“If this county is going to be successful with solar installations, you’re going to have to depend on residential solar,” she said. “Solar isn’t cheap yet. The costs are coming down, but it’s not cheap.”

Nolan Stout covers Prince William County. Reach him at nstout@insidenova.com or @TheNolanStout on Facebook and Twitter.

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(10) comments

ManassasBro

https://starexponent.com/business/retired-professor-tells-culpeper-board-solar-is-unreliable-poor-use-of-farmland/article_5cc62318-be2f-5232-babe-891d55f596b3.html

Wake Up & Smell The Coffee!

“... a 50% reduction in greenhouse gas emissions by 2030 and 100% renewable electricity by the same year”. That’s their goal, not mine!

Goodfella

The issue is not a few hundred dollars in fees. It is the monopoly of dominion power basically owning the surface of your house through easements and you still paying them as they use you and your property to make more money.

godgoldnguns

Great, we too can experience rolling blackouts like Texas. The data centers will love that.

InsideCommenter

I'd stop watching fake right wing news, the Governor even apologized and said that Solar and Wind were not major issues rather it was Natural Gas and Coal plants which are upwards of 70% of Texas that failed and caused the rolling blackouts. By the way this can all be solved by "winterizing" the power grid.

Citizen52

Let’s stop this simplistic nonsense. Your statement comes almost verbatim from CNN, the antithesis of Fox. If you read multiple sources, there is a much more complicated picture of the power failure. Try reading USA Today for a detailed look. According to the Electric Reliability Council of Texas (ERCOT) which runs 90% of TX energy, 45,000 MW went off-line. Of that, 15,000 was wind and 30,000 was gas/coal.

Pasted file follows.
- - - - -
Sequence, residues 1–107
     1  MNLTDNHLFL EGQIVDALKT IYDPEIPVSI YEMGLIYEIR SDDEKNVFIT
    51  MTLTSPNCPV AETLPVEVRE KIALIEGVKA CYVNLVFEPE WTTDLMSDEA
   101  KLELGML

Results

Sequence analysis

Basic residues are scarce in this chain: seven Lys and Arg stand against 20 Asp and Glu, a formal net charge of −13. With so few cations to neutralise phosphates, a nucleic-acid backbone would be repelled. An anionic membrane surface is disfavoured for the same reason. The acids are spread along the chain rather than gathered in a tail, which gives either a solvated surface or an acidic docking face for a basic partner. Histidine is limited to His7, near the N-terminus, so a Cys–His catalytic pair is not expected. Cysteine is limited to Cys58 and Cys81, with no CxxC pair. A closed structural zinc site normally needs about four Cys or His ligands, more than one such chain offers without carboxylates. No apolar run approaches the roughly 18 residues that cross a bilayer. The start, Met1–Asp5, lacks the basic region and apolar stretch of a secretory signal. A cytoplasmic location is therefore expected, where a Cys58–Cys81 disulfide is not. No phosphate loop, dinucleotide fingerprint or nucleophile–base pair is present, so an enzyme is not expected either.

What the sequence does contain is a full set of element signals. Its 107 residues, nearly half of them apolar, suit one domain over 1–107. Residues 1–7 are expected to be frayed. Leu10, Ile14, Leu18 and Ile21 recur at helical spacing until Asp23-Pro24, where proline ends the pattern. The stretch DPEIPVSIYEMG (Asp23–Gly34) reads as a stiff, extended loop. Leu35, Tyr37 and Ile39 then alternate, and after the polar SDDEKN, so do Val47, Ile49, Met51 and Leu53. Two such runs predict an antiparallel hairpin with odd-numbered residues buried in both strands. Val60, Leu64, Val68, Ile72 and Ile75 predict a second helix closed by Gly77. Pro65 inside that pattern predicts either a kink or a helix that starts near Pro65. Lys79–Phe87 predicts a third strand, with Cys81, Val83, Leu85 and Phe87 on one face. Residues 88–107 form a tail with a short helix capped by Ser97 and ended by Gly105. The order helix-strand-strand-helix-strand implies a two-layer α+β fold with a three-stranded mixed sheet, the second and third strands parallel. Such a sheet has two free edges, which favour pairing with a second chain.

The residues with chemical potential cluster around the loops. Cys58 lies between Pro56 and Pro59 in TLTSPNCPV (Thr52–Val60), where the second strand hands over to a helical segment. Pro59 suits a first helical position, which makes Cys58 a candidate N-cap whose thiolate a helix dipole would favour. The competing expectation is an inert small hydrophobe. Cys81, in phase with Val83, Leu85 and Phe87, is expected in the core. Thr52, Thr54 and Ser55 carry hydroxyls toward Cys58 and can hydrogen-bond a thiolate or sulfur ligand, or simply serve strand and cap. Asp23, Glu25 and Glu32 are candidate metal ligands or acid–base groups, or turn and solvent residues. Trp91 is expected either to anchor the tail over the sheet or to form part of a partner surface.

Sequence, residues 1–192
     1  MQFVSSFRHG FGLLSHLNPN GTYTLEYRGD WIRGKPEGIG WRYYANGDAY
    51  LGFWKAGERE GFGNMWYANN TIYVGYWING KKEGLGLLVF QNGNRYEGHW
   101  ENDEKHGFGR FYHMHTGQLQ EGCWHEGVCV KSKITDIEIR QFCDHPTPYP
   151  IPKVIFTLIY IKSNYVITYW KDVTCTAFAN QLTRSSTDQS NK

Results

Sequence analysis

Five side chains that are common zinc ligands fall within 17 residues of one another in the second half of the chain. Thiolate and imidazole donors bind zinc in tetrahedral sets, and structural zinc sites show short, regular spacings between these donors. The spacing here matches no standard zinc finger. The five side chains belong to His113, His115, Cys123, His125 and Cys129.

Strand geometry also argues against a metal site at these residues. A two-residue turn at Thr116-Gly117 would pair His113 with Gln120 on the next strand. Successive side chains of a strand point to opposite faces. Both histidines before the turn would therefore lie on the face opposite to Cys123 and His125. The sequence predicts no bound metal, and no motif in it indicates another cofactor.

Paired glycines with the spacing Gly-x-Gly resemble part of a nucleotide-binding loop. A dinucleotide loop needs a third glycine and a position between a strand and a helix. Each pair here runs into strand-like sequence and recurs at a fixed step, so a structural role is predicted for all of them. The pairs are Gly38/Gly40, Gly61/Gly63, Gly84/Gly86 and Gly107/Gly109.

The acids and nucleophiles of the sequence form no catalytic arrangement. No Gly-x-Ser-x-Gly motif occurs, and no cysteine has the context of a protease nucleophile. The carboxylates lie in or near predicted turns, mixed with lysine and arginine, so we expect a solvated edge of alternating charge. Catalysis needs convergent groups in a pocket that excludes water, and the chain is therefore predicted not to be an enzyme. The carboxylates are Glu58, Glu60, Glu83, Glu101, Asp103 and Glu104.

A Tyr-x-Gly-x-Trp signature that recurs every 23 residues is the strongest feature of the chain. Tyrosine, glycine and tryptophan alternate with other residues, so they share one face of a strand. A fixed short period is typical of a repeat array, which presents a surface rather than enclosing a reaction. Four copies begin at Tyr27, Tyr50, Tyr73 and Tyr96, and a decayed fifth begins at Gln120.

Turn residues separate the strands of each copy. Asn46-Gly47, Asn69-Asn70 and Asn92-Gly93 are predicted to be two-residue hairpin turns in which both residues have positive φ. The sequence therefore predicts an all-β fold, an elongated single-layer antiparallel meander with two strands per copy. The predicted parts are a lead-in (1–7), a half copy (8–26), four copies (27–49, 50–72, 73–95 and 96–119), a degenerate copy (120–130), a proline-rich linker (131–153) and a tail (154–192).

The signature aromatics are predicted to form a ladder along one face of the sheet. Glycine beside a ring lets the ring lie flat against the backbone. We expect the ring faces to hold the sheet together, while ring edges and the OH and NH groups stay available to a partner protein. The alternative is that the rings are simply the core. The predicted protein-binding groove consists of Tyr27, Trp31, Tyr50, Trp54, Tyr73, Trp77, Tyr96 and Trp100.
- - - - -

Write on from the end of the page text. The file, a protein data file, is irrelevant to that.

InsideCommenter

How this conversation I said Wind and Solar aren't responsible for the rolling blackouts. And that the failure comes from failing the winterize the power grid.

I point out that this is a Fox News viewpoint. You throw a temper tantrum and yell "muh CNN fAke nEwZ", like a baby just for pointing out basic common sense to you.

You 100% agree with me by lending me statistics which show that 30,000/45,000 or 67% MW of energy produce in TX to homes in ERCOT are produced by dirty natural gas or coal. You just like to back up the GOP like it's your local sports team, even when recognizing that I was correct.

InsideCommenter